Again, using the examples from DEVIL IN WINTER from Lisa Kleypas given above:

1)      Although she gives the reader direct information about historical information, she only gives enough of it to satisfy the reader’s curiosity—and then she moves on. Because of this, rather than it slowing down the pacing or shouting at me as author intrusion, I appreciate this piece of knowledge that doesn’t detract from the story but rather enhances it.
2)      Although she gives the POV character physical tags that they wouldn’t be able to see in their POV, it is subtle enough that as a reader I still feel like I’m in the scene with the characters, and I even feel that I know them a little better than I would otherwise if only given access to their direct POV.
3)      The consistent use of certain adverbs and adjectives in the hero’s mannerisms keeps his character consistent, reminding the reader of the villainous bad boy persona we were introduced to at the beginning of the book.

As you can see, analyzing how an author violates “rules” and yet makes them work can be just as effective as analyzing how an author does something “right” or does something “wrong” that we should try to avoid in our own writing.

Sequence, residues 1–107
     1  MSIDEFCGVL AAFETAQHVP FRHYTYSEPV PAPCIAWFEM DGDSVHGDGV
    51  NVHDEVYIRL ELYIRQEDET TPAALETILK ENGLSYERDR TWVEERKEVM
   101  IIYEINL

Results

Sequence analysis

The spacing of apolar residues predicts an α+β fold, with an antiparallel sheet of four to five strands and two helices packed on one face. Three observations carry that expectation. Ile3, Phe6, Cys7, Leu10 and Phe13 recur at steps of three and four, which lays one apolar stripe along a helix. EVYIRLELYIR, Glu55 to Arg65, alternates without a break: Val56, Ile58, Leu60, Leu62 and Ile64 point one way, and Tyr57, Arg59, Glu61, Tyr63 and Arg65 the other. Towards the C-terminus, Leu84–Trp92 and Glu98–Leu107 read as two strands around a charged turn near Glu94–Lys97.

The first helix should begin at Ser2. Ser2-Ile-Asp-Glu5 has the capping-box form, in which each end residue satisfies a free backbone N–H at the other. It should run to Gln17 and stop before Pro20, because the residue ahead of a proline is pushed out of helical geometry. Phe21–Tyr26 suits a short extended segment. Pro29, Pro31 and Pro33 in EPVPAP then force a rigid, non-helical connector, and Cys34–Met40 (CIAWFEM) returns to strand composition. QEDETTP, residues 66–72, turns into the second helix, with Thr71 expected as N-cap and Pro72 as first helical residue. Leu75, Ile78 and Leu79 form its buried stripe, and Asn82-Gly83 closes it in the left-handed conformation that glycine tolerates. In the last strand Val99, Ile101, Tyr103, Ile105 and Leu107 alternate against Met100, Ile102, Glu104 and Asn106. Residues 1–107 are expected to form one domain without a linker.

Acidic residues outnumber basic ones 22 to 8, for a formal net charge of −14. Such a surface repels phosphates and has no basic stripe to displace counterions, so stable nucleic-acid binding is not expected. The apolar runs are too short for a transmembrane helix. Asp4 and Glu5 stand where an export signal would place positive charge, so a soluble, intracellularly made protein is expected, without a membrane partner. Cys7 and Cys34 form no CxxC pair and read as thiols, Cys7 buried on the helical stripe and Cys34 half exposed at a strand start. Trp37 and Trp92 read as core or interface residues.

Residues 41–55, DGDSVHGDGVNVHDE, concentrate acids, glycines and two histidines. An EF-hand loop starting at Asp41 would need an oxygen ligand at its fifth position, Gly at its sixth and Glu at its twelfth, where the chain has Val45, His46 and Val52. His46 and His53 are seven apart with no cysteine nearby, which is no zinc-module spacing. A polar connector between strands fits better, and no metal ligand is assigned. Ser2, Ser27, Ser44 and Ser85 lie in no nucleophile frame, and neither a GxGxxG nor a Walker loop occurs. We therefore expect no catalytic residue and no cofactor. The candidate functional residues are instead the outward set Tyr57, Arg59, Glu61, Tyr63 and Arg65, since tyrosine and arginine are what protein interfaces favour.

As for trying to read for pleasure and leaving our writer brains elsewhere, I have to say that I think this is one of the inherent dangers in becoming a writer. You’re never not one. However, there have been a few times when I’ve had success with getting lost in a book, and that’s when I’ve given myself permission to enjoy the book as it is and later come back to it for a full analysis of what worked and what didn’t. I’ll cross my fingers that this approach works for you, too! =)

As a reader-turned-writer, what do you think is the most valuable part about reading other authors’ work? Have you had success turning off your writer brain for the sake of pleasure-reading? If so, how?

1 comment:

  1. I'm not quite answering the question, but this hit a nerve for me. Rules are a load of crap and I abhor how the craft discussion in the community has embraced such a narrow definition of good writing. I wish we would broaden the discussion to issues of style and recognize that there is not one single road to good writing. "The rules" are a great starting point for absolute neophytes and I absolutely believe in them as a teaching tool, but at a certain point of sophistication and experience, *every* writer should graduate beyond them. Tastes vary. Style is different and that is a *good* thing. If everyone followed the rules so closely we were basically writing in the same meta voice, how boring would that be?

    Nathan Bransford said this well in his blog post, Ten Commandments for Editing Someone's Work:

    9. Remember that personal taste is personal - We humans can be too sure of our own viewpoints. We may hate things other people love and love things other people hate. Never be too sure of your opinions when editing; you may be the only person who feels that way. Be cautious when making suggestions and frame your thoughts as your own personal reaction rather than as a pronouncement from the editing gods.